I know. I just saw her. I didn’t want to say it out loud. Amanda gave me a questioning look.

Her work cell phone saved me. Apparently they needed mom back down at the office right away. So she grabbed her coat, gave each of us a kiss on the cheek, and then left out the door. As soon as she pulled out of the driveway, Amanda closed her magazine and crossed her arms at me.

“Alright what’s up?” She said.

“Nothing,” I averted my eyes from her stare.

She tugged a strand of my sandy blonde hair. “Ow!” I cried.

“Come on,” she frowned. “I know something about the neighbors is bothering you so spill it.”

I pursed my lips. Her blunt and stubborn behavior hasn’t changed, but then again I’m not one to talk.

“She’s here,” I muttered. “I guess she was reborn too.”

“Who?” Amanda asked.

“A special girl to me.” I stared down at my half-eaten sandwich.

Amanda raised an eyebrow, “You’re going to have to be a little more specific.”

“Cassandra!” I raised my voice. Why do sisters have to be so annoying?

She blinked in surprise, “Oh, her. And this bothers you?”

“Yes,” I told her. “She didn’t exactly live happily ever after.”

Amanda rested her chin on her fist. “Well you didn’t exactly help by cursing her so no one believed her prophecies.” She went back to her sport magazine. “If you didn’t curse her, the Trojans would’ve still been around.”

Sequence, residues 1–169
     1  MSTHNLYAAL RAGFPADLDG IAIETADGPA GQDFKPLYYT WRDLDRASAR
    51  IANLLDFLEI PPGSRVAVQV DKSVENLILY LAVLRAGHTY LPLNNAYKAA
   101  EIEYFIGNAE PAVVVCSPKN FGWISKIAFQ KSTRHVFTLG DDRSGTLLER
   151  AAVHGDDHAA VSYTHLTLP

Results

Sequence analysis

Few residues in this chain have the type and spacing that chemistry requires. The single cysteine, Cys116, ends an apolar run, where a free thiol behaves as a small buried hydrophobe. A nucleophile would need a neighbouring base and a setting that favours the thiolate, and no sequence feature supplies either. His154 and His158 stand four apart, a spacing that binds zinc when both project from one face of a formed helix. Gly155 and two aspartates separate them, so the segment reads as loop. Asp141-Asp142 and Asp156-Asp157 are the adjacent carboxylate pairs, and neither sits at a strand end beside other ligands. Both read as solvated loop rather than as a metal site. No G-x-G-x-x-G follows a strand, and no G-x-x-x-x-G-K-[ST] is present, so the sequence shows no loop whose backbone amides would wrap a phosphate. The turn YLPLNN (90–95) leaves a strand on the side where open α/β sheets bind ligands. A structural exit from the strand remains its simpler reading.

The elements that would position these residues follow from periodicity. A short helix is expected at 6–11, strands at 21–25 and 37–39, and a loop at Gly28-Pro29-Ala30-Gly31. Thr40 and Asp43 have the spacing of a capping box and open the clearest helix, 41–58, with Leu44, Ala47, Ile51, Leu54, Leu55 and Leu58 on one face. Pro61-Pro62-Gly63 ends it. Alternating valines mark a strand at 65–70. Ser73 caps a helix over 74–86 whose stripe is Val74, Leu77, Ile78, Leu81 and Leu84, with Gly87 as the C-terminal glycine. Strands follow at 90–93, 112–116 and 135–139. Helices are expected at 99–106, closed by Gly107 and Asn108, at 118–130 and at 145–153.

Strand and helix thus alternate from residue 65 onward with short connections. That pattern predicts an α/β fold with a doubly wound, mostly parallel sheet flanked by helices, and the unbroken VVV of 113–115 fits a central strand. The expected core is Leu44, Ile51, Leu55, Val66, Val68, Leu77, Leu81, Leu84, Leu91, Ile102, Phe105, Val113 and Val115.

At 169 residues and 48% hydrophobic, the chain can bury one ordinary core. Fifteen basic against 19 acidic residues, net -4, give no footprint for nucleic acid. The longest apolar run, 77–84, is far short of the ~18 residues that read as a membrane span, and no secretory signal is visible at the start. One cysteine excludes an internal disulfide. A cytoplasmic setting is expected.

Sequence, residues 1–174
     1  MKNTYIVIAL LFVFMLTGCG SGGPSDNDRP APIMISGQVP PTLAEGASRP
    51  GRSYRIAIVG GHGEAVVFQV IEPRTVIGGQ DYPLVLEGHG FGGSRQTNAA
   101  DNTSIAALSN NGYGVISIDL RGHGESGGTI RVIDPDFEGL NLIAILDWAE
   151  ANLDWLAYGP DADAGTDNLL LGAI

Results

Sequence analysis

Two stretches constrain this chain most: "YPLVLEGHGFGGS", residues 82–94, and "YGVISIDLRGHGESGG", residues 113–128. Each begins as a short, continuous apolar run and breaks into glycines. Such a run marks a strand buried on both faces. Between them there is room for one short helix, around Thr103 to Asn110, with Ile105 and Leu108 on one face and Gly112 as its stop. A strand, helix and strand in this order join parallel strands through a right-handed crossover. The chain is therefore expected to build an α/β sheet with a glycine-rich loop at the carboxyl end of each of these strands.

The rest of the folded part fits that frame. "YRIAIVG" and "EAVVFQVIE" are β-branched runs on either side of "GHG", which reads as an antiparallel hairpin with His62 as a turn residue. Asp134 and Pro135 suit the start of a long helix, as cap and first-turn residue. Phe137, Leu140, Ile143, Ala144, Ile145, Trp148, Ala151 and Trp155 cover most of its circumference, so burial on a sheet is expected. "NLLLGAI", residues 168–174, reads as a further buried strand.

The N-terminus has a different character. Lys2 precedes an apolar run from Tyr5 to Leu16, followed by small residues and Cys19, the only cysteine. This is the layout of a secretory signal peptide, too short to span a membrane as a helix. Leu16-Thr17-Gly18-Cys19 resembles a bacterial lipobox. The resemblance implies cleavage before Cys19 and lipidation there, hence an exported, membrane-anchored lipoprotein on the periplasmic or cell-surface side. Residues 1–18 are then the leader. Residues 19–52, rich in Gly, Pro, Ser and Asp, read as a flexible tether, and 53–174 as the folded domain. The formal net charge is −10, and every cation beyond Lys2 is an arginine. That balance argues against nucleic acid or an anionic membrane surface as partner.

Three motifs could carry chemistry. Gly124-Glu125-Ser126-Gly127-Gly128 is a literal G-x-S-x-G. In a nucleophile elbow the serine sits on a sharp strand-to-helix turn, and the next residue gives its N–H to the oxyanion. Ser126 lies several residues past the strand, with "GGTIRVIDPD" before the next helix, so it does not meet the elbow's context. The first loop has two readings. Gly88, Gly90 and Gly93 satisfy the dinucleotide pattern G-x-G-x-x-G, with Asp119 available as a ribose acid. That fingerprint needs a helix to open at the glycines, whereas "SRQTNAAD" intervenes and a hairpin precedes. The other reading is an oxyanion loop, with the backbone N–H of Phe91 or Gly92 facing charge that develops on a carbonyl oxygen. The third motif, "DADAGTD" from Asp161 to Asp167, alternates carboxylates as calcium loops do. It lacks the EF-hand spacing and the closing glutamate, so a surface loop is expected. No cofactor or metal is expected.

“That’s not my fault! She refused to accept my gift of prophecy and my love,” I exclaimed. “Can you blame me for being angry?”

“Well let’s face it, as gods we were very temperamental,” she pointed out. “Not to mention, you don’t exactly have good history with your former lovers.”

I didn’t find anything to retort. She had me there.

Back when I was a god, my love affairs with mortals was as famous as Zeus. However, some didn’t always end well. There was that time with Daphne, and then there was Coronis, Hyacinthus, plus the time with Leucothea and her sister Clytia. Let’s just say my list of relationships extended past my arm, with most of them ending up dying and turning into various trees and plants. What can I say? Even by god standards, I was a stud.

But Cassandra…she was different. I regretted what I did to her. I couldn’t undo the curse, once a god has bestowed a gift it can never be taken away and since it was a prophetic gift I can’t take it back. So instead I watched over her. When the Trojan War started up, I sided with the Trojans to keep her safe. I listened to her pleading to her family about the dangers she foresaw, but not one believed her because of me.